BOOK REVIEW: Fraying at the Edge by Cindy Woodsmall

"Family, community, faith, and love. These "quilt blocks" sewn together made Ariana's beautiful life. When they are pulled to pieces, will anything familiar remain? The Old Order Amish life Ariana Brenneman loved vanished virtually overnight with the discovery that she was switched at birth twenty years ago. Now she's immersed in the Englischer world, getting to know her mother, and under the authority of her biological father, an atheist intellectual with resolute plans to expand Ariana's worldview. Only Quill Schlabach, a childhood friend living Englisch, can help steady Ariana's tilting ground between the two worlds, but can she trust him after so many betrayals? At the same time, Skylar Nash is forced to choose rehab or spend several months with her true relatives, the large Brenneman family and their seemingly backward life--no electricity, no technology, no fun. What the young woman can't leave behind is her addiction to illegal prescription drugs and deep emptiness from the belief that she doesn't belong in either family. New ties are binding Ariana and Skylar to the lives they were meant to have. Can they pray for the wisdom and strength they'll need to follow God's threads into unexpected futures? Fraying at the Edge is the second novel in The Amish of Summer Grove series"

'Fraying at the Edge' picks up where 'Ties That Bind' left off with Ariana trying to figure out life in the English world while Skylar is feeling abandoned and disgruntled in the Amish one.  If you haven't read the first book I highly suggest you do!  I seriously can't imagine being in either girls shoes.  And of course, not having to wait a year for the book to release is just a side benefit of the taking some time off.  Gotta find the silver linings right?

 Finding out she was switched at birth and really doesn't belong to the big Amish family she's always known.  Now that her biological dad has found out, made a few threats, and arranged for her to spend a year with her English family it's not going quite the way everyone hoped it had.  Not by a long shot.  The guy is a jerk to the nth degree and in all caps.  He is so against every single thing that Ariana values that he frequently crosses the line from 'broadening her horizons'.  She's 20 years old and her English bucket list' includes go to a bar and bonus points for have a drink.  Seriously?  'I'm such a great dad (who helped sorta raise an addict mind you) and I'm gonna ask my new child to drink illegally.'  I wanted to hate him.  I really did, however...  I don't like him but I grew a tiny soft spot for him.  He is so desperate to redo Ari's life that he makes all the same mistakes he made with Skylar.  I like that he took a step off his high horse and allowed for a give and take with Ariana. I think they both realized that they could have a conversation and that they didn't have to agree.  He's still a jerk, but a more human jerk.  Brandi and even Cameron were changed, for the better, by their time with Ariana as well.  I feel like even Ariana was changed, for the better, by her time with the English.  The Amish, may not agree once she's home.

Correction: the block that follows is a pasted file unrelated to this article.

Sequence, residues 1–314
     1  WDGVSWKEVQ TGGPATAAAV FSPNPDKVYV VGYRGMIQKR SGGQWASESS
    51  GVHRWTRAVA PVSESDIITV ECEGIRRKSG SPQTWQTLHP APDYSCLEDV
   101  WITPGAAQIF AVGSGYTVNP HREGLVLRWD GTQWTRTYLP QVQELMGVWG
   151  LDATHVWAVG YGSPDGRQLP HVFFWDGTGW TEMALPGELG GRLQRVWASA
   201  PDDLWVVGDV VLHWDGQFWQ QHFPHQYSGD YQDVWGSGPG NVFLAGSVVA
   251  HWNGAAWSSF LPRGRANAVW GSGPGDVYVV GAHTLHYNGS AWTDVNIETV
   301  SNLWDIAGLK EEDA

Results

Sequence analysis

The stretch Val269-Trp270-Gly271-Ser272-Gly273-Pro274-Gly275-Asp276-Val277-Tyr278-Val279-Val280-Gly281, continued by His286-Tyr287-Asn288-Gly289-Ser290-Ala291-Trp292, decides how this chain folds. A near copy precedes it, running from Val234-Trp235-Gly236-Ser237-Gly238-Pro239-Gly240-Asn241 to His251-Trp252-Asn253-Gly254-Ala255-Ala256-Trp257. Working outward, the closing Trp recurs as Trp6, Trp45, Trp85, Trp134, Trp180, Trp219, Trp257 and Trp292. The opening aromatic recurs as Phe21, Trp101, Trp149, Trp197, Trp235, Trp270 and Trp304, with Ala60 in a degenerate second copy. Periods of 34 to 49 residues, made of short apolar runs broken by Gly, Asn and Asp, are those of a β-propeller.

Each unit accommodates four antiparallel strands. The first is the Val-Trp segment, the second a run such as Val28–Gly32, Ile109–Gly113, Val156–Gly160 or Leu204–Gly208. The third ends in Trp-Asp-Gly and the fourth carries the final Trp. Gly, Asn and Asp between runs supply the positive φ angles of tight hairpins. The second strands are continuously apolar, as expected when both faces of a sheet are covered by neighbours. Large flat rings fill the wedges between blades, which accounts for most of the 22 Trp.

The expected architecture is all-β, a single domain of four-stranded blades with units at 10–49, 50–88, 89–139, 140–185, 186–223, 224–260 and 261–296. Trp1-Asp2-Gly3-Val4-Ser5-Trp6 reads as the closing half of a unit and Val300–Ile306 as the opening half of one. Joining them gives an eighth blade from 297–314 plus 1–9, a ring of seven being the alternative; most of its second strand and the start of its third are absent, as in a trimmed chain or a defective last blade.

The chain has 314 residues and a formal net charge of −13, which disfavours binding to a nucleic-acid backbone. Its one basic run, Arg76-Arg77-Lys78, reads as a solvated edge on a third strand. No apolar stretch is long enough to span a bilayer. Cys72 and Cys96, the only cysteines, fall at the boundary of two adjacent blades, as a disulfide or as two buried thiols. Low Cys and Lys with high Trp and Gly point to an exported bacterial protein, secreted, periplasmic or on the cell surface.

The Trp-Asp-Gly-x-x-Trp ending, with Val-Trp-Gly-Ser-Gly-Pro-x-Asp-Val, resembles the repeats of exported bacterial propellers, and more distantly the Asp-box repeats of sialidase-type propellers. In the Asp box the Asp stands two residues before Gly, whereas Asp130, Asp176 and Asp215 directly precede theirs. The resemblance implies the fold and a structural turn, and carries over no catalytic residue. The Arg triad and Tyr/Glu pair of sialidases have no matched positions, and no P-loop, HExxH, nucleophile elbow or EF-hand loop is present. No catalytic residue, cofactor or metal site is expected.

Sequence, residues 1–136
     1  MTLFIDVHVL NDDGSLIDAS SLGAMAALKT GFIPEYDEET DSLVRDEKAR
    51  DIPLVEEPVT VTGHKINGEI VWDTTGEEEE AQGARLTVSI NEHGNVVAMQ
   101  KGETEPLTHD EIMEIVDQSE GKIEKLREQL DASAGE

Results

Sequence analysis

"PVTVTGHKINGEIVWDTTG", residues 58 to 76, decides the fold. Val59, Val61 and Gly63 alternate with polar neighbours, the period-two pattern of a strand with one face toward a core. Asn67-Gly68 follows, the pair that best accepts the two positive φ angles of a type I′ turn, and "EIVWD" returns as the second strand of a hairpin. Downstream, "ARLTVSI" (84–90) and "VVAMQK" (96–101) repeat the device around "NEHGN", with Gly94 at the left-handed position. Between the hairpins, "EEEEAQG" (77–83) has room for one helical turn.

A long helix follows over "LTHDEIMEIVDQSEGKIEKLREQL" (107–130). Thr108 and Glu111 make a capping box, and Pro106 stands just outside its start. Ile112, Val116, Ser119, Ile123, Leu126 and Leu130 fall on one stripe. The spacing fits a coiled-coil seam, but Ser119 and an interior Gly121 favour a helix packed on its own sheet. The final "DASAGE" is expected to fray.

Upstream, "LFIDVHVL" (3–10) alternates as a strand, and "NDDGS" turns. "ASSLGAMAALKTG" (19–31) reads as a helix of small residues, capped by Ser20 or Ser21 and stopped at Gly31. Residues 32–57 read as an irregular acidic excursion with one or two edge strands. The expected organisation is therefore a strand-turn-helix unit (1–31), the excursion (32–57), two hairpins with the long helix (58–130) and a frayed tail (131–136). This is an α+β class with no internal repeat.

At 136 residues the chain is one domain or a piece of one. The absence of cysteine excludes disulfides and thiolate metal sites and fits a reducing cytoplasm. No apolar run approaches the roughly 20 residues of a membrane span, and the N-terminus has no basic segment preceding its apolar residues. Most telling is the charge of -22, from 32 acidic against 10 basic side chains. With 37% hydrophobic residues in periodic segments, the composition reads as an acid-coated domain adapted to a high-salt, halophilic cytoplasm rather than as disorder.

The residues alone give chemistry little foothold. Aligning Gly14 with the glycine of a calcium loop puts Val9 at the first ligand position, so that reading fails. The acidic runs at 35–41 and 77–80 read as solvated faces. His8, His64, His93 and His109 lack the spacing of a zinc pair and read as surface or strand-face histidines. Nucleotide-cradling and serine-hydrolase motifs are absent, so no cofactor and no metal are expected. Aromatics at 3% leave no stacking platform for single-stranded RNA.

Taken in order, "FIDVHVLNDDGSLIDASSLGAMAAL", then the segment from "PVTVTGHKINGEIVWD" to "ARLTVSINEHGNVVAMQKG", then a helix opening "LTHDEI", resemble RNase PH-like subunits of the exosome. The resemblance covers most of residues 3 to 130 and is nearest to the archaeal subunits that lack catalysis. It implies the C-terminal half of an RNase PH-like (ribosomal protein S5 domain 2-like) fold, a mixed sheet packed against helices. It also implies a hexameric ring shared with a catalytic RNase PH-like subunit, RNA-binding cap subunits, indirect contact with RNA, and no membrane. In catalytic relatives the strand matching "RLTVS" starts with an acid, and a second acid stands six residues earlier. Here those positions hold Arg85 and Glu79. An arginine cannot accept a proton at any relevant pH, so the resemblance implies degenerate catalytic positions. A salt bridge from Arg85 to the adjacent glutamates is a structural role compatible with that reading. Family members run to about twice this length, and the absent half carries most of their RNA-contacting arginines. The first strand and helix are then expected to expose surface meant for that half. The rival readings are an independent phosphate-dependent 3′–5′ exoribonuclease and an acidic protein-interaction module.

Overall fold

Skylar was the antithesis of Ariana in every single way.  In the English world she was a pill popping rebellious entitled young adult that didn't care the consequences of her actions because it wasn't her fault right?  In the Amish world she was withdrawn, withdrawing, and angry.  So very angry.  Her English family didn't want her anymore.  Her Amish family was beyond the realm of understanding and loved Ariana so much that she didn't belong there either.  And her boyfriend stopped sneaking her in pills.  Consistency and love can go a long way.  A lot of consistency.  A LOT of love.  A smidge of understanding and a boat load of patience.  Somewhere along the way Skylar opened her heart just a tiny bit.  She stepped into Ariana's dream (the cafe) and stepped up to help out the family.  Her biological family.  She learns a lot about love, and family and herself.  She learns to actually take responsibility for life and others.  And when she's given the opportunity to go back to the life she grew up with she's not ready.  

I loved this story.  I need to read the next story to know where the girls end up.  How their situation fills out.  And thanks to the book hiatus I don't have to wait at all.  Well, through the other other's in the TBR pile but that's not a year, it's like a week. 

I was provided a complimentary copy of this book by Cindy Woodsmall and WaterBrook & Multnomah Publishing.  I was not compensated for this review and all thoughts and opinions expressed are my own.  I was not required to write a positive review.   

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Fraying at the Edge
About Cindy Woodsmall

Cindy Woodsmall is a New York Times and CBA best-selling author who has written nineteen (and counting!) works of fiction and one of nonfiction. She and her dearest Old Order Amish friend, Miriam Flaud, coauthored the nonfiction, Plain Wisdom: An Invitation into an Amish Home and the Hearts of Two Women. Cindy’s been featured on ABC Nightline and the front page of the Wall Street Journal, and has worked with National Geographic on a documentary concerning Amish life. In June of 2013, the Wall Street Journal listed Cindy as one of the top three Amish fiction writers.

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